Inbreeding to create purebred dogs has a deservedly bad reputation, as many of these breeds suffer from genetic diseases. But it turns out that it's not the only culprit. A paper in yesterday’s PNAS delves into the differences between wolf and dog genomes to find out exactly how human influence has increased the risk of dangerous mutation in dogs.
When dogs were first domesticated, they underwent what’s known as a population bottleneck. That is, only a small number of ancestral grey wolves formed the starter population for what eventually became dogs. This starter population had only a smidgen of the overall genetic diversity of wolves, and that’s all the genetic diversity that dogs started out with. Then, more recently, humans caused more bottlenecks when they started to selectively breed dogs. This narrows down the pool of genetic diversity even further.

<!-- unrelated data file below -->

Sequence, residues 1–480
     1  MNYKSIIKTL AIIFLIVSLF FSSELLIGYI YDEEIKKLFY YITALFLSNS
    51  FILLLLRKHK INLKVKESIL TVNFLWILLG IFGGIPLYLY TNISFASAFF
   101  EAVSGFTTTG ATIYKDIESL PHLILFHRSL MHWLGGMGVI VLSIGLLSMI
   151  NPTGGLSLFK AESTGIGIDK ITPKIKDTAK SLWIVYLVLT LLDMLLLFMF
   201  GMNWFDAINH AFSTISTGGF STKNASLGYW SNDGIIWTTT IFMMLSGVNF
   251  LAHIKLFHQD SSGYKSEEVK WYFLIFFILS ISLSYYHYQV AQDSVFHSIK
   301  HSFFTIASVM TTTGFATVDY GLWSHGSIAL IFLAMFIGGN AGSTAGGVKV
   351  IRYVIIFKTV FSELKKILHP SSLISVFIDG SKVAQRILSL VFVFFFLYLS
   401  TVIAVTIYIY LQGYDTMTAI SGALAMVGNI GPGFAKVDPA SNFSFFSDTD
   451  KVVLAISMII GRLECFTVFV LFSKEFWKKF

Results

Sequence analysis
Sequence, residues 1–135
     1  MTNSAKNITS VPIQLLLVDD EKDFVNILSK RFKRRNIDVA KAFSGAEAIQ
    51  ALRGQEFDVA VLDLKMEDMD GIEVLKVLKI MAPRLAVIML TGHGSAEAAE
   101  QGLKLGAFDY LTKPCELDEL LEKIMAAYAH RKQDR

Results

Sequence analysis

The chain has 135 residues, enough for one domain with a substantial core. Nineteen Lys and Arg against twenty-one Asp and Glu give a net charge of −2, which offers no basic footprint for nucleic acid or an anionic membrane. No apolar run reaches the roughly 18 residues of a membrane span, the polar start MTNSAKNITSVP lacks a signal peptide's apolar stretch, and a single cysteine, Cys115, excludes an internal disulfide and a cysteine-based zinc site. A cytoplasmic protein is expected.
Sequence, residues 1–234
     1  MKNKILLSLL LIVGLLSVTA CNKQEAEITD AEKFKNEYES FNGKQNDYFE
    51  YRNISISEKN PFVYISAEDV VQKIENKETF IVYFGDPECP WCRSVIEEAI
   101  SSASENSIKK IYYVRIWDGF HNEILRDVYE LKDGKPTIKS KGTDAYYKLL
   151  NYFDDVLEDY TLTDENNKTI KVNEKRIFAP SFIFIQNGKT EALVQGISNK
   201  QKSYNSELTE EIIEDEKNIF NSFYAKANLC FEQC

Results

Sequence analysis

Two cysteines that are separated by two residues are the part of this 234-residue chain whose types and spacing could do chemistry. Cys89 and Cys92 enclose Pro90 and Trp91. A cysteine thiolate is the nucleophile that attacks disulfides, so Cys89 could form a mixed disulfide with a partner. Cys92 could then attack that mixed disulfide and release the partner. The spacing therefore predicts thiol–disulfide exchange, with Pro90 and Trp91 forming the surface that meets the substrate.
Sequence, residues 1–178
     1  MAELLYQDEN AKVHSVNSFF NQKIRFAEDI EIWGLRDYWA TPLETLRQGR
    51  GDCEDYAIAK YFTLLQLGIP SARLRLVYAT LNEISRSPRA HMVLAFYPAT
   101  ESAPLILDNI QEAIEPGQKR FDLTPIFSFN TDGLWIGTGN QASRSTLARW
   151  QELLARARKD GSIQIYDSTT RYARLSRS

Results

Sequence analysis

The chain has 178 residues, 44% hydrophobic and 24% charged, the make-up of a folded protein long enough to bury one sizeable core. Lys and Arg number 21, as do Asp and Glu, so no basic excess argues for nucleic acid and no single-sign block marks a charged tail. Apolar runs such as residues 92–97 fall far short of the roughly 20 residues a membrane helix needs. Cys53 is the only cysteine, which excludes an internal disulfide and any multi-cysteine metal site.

To find out how these bottlenecks have affected dogs, the researchers sequenced the genomes of 46 dogs from 34 different breeds, as well as from 25 “village dogs,” the free-breeding dogs living in human settlements worldwide. They compared this to the genomes of 19 wolves.